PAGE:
#8

I guess I need to try the blender test, because I have not seen any throttling of any kind. I have 2 EK XE 480mm rads with 8 5000 rpm delta fans sandwiched between them. I have tried 3000 cl14 and it was not really as fast. No crashing but just ran slower that 2800CL14 1T timings. Could you please point me to the exact blender test that you ran? I would also be interested as to how your setup does on my kernel compile test.


#9

Nice…about 4 min to compile the kernel. I think it took around 10 min on my R7 but I never measured it exactly.


#10

2990 phoronix test is 30 seconds flat with the pbo 2 the max


#11

To compare apples to apples. I put together this benchmark to share with you all.

This benchmark compiles the linux kernel as a test of stability and speed. Please try it out and share your results. I am posting the code below for your review and safety. I am open to feedback and improvements. I am also attaching the tarball which includes the below code, a tarball image of the linux kernel with the .config file already precreated that is used by the benchmark script. I am sure you know how to untar and uncompress it so I will not insult your inteligence with those trivial details. In short, this benchmark will not modify your system in anyway, and I encourage you to examine the script for yourself. Once unziped the benchmark can be executed by running the kernel_compile_benchmark.sh from within the Joes-Compile-Bench directory. Please post your results and lets see who can get the best time. The integrity of the .config file will be on the honor system. Thank you for your time.

Here is the link to the kernel_compile_benchmark.tar.gz

!!START CODE!!
main(){
clear
get_kernel
let start_time="$(date +%s)"
compile_kernel
timer
rm -r linux-4.18.1
exit 0
}

function place_holder(){
sleep 10;
}
function timer(){

		let current_time="$(date +%s)"
		let seconds=$current_time-$start_time;
		clear
		echo -e "\n<<------------------------------------------------------------------------>>" >> results.txt
		echo -e `date` >> results.txt
		printf "Compiled kernel ---> %02d:%02d:%02d:%02d" "$((seconds/86400))" "$((seconds/3600%24))" "$((seconds/60%60))" "$((seconds%60))"  >> results.txt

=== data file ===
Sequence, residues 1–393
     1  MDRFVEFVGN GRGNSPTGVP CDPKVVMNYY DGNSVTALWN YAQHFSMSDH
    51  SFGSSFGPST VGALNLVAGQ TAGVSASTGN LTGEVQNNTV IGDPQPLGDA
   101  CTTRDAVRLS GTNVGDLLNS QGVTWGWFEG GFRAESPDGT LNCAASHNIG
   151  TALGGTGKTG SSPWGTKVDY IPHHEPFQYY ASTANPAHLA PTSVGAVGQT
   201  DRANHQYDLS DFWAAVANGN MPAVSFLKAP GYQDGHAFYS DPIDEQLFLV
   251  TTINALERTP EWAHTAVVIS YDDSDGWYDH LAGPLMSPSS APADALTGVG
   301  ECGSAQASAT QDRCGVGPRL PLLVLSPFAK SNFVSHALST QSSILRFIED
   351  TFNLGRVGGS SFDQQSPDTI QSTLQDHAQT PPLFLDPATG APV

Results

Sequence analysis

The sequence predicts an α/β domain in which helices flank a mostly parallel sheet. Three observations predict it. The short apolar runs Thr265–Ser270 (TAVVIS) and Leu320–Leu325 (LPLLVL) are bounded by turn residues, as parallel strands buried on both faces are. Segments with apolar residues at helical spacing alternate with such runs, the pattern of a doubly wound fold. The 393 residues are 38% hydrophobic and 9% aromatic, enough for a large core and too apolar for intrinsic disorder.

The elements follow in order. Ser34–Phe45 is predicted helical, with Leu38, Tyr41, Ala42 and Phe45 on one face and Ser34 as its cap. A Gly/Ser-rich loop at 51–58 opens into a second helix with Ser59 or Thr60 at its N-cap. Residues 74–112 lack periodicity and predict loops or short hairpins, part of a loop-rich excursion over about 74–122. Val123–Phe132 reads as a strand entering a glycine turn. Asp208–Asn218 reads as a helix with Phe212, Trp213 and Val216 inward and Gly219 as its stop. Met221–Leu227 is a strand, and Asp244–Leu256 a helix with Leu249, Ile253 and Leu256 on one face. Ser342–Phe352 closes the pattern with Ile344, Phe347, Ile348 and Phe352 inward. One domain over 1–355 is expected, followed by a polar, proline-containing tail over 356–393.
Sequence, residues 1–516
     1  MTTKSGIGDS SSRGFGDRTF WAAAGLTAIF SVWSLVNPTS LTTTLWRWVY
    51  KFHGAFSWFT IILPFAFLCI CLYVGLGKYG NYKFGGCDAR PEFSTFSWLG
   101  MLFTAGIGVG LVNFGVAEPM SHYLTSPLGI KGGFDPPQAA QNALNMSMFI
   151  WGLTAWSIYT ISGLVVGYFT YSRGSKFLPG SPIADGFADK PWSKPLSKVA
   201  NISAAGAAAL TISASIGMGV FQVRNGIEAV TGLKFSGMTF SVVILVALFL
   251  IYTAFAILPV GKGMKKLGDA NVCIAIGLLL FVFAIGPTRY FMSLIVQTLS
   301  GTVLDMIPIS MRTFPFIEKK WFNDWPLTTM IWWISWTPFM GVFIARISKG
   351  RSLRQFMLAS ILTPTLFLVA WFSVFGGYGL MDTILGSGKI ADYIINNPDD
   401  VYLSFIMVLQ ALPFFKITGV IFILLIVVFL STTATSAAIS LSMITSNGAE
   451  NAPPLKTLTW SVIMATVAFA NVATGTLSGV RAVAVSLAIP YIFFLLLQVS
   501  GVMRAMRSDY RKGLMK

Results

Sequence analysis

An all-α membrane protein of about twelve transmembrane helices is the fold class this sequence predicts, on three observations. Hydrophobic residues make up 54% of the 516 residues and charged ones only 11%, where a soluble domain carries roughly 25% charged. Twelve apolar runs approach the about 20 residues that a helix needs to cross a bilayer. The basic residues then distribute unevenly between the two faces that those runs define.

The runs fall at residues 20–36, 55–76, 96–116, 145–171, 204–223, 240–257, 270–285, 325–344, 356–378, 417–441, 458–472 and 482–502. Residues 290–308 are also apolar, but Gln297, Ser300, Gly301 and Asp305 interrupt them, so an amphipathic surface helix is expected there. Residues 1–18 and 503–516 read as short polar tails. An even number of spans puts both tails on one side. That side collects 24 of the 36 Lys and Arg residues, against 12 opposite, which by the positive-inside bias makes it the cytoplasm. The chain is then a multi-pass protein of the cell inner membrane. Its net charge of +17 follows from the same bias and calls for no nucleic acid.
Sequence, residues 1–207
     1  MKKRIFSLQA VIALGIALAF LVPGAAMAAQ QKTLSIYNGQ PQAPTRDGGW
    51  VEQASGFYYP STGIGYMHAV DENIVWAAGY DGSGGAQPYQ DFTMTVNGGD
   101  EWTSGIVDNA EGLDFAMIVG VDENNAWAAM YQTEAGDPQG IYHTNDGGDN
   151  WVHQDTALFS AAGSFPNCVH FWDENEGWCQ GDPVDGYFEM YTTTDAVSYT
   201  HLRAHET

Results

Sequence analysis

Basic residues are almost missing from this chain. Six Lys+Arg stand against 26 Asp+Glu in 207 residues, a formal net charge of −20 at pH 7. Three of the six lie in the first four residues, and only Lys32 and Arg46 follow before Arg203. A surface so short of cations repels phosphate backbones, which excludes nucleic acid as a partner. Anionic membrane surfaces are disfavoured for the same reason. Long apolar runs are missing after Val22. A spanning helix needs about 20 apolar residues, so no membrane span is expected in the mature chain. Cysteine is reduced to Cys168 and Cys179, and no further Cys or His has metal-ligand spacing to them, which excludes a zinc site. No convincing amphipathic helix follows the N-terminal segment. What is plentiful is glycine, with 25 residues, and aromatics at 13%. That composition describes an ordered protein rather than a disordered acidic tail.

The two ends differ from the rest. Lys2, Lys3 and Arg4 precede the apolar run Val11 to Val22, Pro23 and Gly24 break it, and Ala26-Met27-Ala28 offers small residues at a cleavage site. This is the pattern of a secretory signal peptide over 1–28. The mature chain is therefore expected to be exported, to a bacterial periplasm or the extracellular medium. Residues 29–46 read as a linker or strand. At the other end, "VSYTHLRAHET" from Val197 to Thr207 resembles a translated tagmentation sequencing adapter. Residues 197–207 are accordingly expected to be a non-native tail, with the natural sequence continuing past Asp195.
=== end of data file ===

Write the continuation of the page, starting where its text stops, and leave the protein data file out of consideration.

echo -e "\n<<------------------------------------------------------------------------>>" >> results.txt
		clear && cat results.txt

}

function compile_kernel(){
let threads=nproc --all
make -j $threads -C linux-4.18.1 clean && make -j $threads -C linux-4.18.1

}

function get_kernel(){

clear && echo -e "Starting Benchmark --->> Please Wait..\n" && sleep 3
tar -xzf ./linux-4.18.1.tar.gz
echo "<<---------------------------------Results-------------------------------->>" > results.txt

}

main

!!END CODE!!

Here is my last Result for the Benchmark.

Let the games begin!


#12

I’d say Wendell has everyone beat at 30 seconds. We must be doing it wrong :stuck_out_tongue:


#13

Yeah, by the time I’ve gotten through the .conf copied from CentOS’s kernel and tweaked the tweakings for TR, its a wee bit more than 30 seconds… :wink:

Could cut it down to that and remove all the drivers, but that would take some doing.


#14

Yes Wendel. Lets see if you have a Threadripper build that can run the benchmark I shared faster than mine.


#15

I guess technically one could compile the kernel minus the over additional 5000 modules that I compile in the benchmark I shared.


#16

It’s literally the phoronix build-linux-kernel test


#17

I tried to get the phoronix benchmark suite working early on but it would give me lots of server connection issues. So like any Linux guy I wrote my own. I am not sure how theirs works but a big problem with doing this kind of benchmark is standardizing the .config file. That is what I have tried to do. It is not a make allyesconfig which usually does not work, but it does build a kernel with enough features to be usable. What do you say? Will you give it a go? To this day I have not had anyone with a 2990WX to compare results with. Especially with 128GB of samsung B-die like me.


#18

What speed is your 128G running?

I was able to get to 3200C14 with 4 of 8 sticks of a 128G b-die kit (only 64G), but with 8, I can’t get a MHz past 3000. Unfortunately, I won’t be back to it for as much as a week to try more tests. Having to make do with just 18 cores in the mean-time. :wink:

EDIT: I see 2800 in your BIOS. I actually saw no difference between 64G and 128G with both at 3000 (nor do I on Intel). I do see a drop from 3200 to 3000. I lose about the same % in performance in memory speed as I do app.


#19

I have not tried 3200, but for some reason 3000 was slower than 2800 and I can tighten the secondary timings significantly more at 2800.


#20

Regarding the benchmark, try adding to the beginning of the test:

declare -r TEST_ROOT=/dev/shm/kernel_compile_test
mkdir -p $TEST_ROOT
cd $TEST_ROOT

Also, consider

let threads=$((`nproc -all` * 2))

Even on tmpfs. Reason is that not all parts of the kernel are equally parallelizable, that way context switching will add some overhead, but you might eliminate make bottlenecking a little, it’s a balancing act.